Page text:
CJ: Move to clear backlog of cases
NEW MEASURES are on the way to wipe the courts’ calendars clean of a backlog of cases and speed up the delivery of judgements.
This from Chief Justice Marston Gibson as he spoke at the opening of the Legal Year 2012 to 2013 in the Court of Appeal Monday.
Noting that the judiciary had been criticized by the Caribbean Court of Justice (CCJ) for its tardiness in delivering decisions, Gibson said there were still 99 cases in the High Court pending from 1990 and 152 from 1991 “which have never been transitioned”.
He said those cases were found by “physically going into boxes”.“I suspect it will not get better but it will get worse,” he said, to the full sitting which included fellow judges, magistrates, lawyers from both sides of the Bar table and new jurors.
As a result, he said a backlog reduction and individual assignment committee had been established – chaired by Justice Maureen Crane-Scott – to reduce the backlog and deepen “the system of one case one judge”.
“It is planned that the court will send out notices to attorneys and litigants with regard to cases filed between January 1990 and October 2009 with the possibility that if no response is forthcoming, or if the attorney or litigant so indicates, that the matter will be dismissed or can be discontinued,”Gibson said.
“The remedy is that the practice direction proposed by the sub-committee will contain a provision which has held over the litigant the threat of dismissal.” Gibson stressed the idea was to “sift out” the inactive cases on the books.
He admitted the idea was not new and had been put forward by now retired Chief Justice Sir David Simmons, but had fizzled because of a lack of response from litigants and attorneys.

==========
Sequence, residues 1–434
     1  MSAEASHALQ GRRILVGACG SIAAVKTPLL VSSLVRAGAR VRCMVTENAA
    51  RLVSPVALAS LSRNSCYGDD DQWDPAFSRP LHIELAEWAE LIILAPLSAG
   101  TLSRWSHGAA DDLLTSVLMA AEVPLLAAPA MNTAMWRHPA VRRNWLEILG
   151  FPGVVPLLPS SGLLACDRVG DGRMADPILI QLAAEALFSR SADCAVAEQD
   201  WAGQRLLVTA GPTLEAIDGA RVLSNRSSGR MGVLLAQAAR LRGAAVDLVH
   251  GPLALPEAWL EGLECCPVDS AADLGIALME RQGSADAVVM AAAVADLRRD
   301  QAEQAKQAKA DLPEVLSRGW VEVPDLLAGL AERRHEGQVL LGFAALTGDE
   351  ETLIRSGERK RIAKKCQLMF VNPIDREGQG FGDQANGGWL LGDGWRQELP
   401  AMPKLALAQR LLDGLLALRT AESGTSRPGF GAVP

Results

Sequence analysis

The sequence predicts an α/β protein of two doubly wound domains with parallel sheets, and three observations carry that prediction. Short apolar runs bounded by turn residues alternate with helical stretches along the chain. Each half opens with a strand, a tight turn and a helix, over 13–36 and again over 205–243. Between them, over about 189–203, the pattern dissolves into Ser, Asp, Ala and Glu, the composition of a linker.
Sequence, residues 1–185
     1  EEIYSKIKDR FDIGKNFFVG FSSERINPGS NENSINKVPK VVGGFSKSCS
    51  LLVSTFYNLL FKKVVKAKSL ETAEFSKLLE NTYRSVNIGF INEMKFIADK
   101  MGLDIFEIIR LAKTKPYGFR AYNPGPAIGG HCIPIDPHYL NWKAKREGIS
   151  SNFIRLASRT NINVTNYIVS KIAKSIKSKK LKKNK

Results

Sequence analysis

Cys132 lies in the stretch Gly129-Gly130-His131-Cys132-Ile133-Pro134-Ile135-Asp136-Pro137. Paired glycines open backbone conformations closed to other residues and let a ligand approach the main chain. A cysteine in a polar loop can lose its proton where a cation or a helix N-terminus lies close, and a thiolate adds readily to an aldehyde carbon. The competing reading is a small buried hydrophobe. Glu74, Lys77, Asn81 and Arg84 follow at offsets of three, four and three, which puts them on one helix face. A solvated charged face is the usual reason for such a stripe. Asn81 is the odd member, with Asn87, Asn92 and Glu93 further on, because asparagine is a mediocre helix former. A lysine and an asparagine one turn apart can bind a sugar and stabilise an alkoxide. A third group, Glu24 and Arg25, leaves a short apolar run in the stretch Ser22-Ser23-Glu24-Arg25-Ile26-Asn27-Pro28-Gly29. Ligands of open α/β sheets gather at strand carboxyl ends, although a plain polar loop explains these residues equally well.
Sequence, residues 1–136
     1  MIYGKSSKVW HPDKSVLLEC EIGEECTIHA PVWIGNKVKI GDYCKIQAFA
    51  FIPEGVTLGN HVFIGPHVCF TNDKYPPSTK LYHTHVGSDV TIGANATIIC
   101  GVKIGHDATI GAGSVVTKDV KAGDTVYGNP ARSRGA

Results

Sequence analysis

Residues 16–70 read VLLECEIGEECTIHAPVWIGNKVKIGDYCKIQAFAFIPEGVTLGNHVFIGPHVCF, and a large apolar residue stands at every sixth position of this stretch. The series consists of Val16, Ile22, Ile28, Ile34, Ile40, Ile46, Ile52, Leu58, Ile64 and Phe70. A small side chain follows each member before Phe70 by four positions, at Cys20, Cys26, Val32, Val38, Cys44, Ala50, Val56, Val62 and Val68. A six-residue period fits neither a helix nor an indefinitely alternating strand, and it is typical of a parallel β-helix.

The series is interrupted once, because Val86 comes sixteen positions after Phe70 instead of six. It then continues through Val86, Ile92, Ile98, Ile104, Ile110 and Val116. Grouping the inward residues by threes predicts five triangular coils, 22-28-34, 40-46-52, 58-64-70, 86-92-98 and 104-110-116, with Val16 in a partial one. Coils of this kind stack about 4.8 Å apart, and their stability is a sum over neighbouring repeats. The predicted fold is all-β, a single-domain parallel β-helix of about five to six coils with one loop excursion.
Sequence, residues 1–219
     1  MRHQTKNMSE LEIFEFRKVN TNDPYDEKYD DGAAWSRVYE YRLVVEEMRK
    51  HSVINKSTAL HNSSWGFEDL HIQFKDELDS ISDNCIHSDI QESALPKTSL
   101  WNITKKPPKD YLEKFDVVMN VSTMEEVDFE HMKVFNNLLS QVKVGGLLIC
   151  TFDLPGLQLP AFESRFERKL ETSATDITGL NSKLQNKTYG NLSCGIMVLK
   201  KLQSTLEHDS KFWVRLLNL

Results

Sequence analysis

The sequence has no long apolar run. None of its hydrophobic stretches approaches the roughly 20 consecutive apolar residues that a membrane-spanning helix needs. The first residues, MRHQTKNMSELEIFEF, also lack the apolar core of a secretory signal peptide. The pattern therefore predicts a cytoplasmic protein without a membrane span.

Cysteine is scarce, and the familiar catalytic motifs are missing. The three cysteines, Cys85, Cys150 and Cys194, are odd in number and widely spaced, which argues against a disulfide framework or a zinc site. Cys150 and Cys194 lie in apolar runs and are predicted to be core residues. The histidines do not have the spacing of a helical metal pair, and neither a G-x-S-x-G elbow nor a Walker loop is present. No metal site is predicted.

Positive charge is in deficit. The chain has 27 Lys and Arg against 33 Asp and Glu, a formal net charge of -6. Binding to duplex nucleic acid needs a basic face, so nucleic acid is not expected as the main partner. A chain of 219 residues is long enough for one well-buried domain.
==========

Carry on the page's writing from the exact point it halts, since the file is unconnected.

He also revealed the Court of Appeal had 362 undecided cases on its list, some dating as far back as 1993 and in which some of the lawyers had died.
The Chief Justice further said that in an effort to reduce its own backlog, the Court of Appeal would now sit at least three times weekly and a “responsible judge” named, whose duty would be to write or deliver the court’s decision.
Five new judicial assistants will also be employed to assist with research.“I have also indicated to the judges of both courts that I will ask for bi-monthly reports with a view to getting and keeping a handle on each judge’s inventory,” the Chief Justice said.
This, he added, was not intended to be paternalistic but “rather it is intended to render assistance to judges in cases where they become overwhelmed and over-saturated with cases”.
“This is my response to the recent spate of CCJ decisions which has required us to restrain ourselves from tardiness. We need to reduce the time for rendering decisions to a period measured in months and not in years.”
Turning to the Magistrates’ Courts, Gibson said they were in trouble with 21 663 cases being lodged in 2011.
He said he had heeded the cries by the magistrates for recording equipment to “relieve them of the task of taking evidence in long hand” and, as a result, had asked for the cost of providing “For the Record” digital systems for the 11 courts.